Porter Robinson – Worlds


It has been a long time coming, but 22-year old producer Porter Robinson has released his first studio album, Worlds.

While this is the first studio album by the talented American, it’s also the product of EDM exhaustion. The electronic music producer played close to every major music festival in 2011 and 2012, delivering well-crafted, crowd-pleasing bangers to the masses. The over-played arrangements of big room house and hard electro seemed to have taken its toll. Burned out and perhaps a little bored, Porter moved into his parents’ basement in Chapel Hill, N.C., where he played ’90s-era video games and prepared a pivot in his music style.

While most producers would continue to run with what they know, the downtime inspired a dramatic 12-song compilation that spans ambient, disco and electro-pop. Compulsory bass drops and dance-friendly rhythms are replaced with delicate chord progressions, deep and heartfelt lyrics and forceful synths. To be blunt, Porter has embraced old-school classical song writing to the fullest.

The opener “Divinity” featuring ethereal Canadian singer Amy Millan is a whirlwind of bustling and emotive electronic soundscape. Robinson’s decision to open Worlds with “Divinity” couldn’t be more perfect as it reinforces that face it’s not all about big, loud and mostly generic ‘EDM’ sounds.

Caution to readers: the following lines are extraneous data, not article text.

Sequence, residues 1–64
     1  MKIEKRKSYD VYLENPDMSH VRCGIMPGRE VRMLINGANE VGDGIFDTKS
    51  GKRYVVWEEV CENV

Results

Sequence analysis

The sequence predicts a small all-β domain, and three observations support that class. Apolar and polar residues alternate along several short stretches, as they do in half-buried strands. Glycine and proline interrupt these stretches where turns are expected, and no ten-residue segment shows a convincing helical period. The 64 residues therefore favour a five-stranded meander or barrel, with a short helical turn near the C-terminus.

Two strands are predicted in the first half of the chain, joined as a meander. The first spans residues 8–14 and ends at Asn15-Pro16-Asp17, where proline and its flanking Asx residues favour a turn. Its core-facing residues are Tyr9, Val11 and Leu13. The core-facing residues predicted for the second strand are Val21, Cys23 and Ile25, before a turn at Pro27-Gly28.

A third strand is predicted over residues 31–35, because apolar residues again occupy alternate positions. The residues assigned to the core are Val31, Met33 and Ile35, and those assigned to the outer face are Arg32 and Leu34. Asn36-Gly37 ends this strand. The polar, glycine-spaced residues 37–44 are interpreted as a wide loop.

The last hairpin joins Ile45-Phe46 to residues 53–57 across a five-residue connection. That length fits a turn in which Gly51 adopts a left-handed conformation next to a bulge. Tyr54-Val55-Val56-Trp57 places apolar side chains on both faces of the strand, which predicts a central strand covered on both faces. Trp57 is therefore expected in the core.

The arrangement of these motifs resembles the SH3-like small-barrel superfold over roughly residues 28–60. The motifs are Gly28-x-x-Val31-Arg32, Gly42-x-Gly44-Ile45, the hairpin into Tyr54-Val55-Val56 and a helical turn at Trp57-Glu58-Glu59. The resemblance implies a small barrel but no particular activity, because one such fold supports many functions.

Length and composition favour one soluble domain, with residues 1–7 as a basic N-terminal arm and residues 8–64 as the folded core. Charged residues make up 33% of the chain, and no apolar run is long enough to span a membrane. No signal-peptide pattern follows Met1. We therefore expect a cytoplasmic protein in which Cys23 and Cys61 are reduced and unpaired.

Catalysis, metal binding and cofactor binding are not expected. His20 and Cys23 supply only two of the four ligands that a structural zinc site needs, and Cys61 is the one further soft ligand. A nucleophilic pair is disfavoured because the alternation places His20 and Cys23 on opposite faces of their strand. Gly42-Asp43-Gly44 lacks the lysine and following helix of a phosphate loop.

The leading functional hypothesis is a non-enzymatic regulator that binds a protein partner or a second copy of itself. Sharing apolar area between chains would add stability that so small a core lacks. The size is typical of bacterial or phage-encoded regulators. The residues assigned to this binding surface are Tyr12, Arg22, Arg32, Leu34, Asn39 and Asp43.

“Sad Machine” highlights an almost Japanese vibe with the instrumentation, while “Years of War” and “Lionheart” are pure synth pop anthems that are sure to be played throughout music festivals this summer.

Worlds boasts a roster of collaborators with Breanne Duren and Sean Caskey on “Years of War”, Lemaitre on “Polygon Dust” and Imaginary Cities on “Hear the Bells” all adding their style while still allowing full artistic control from Porter.

“Flicker” is the standout track from the album as it perfectly blends the older style of Porter fans have grown to love, with the vibrant new direction he intends to head. The floating Japanese vocals nest over an ensemble of Nile Rodgers style guitars, thick pads, soaring chords and heavy punches thown in here and there.

The album can be quite lonely at times – similar to while(1<2) by deadmau5, but behind it there’s a producer who, at 22, is willing to take a chance to create something totally different from the what is currently flooding our music charts. The fact that he’s successful in doing so makes it all the more triumphant.

Worlds is an enjoyable album, but it may take some getting used-to. There’s something thrilling about listening to a record by a producer who conquered EDM in his early twenties and already feels like he needs to push boundaries.

Worlds Tracklist

  1. Divinity (feat. Amy Millan)
  2. Sad Machine
  3. Years of War (feat. Breanne Duren and Sean Caskey)
  4. Flicker
  5. Fresh Static Snow
  6. Polygon Dust (feat. Lemaitre)
  7. Hear the Bells (feat. Imaginary Cities)
  8. Natural Light
  9. Lionhearted (feat. Urban Cone)
  10. Sea Of Voices
  11. Fellow Feeling
  12. Goodbye To A World